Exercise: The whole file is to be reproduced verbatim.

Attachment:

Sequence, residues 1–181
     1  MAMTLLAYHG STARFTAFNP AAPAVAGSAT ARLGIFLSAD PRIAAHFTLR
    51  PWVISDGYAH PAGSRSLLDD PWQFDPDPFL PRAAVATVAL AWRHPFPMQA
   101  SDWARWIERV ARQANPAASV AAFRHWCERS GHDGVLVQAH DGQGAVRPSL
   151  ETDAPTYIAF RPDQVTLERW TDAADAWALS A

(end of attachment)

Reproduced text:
Sequence, residues 1–181
     1  MAMTLLAYHG STARFTAFNP AAPAVAGSAT ARLGIFLSAD PRIAAHFTLR
    51  PWVISDGYAH PAGSRSLLDD PWQFDPDPFL PRAAVATVAL AWRHPFPMQA
   101  SDWARWIERV ARQANPAASV AAFRHWCERS GHDGVLVQAH DGQGAVRPSL
   151  ETDAPTYIAF RPDQVTLERW TDAADAWALS A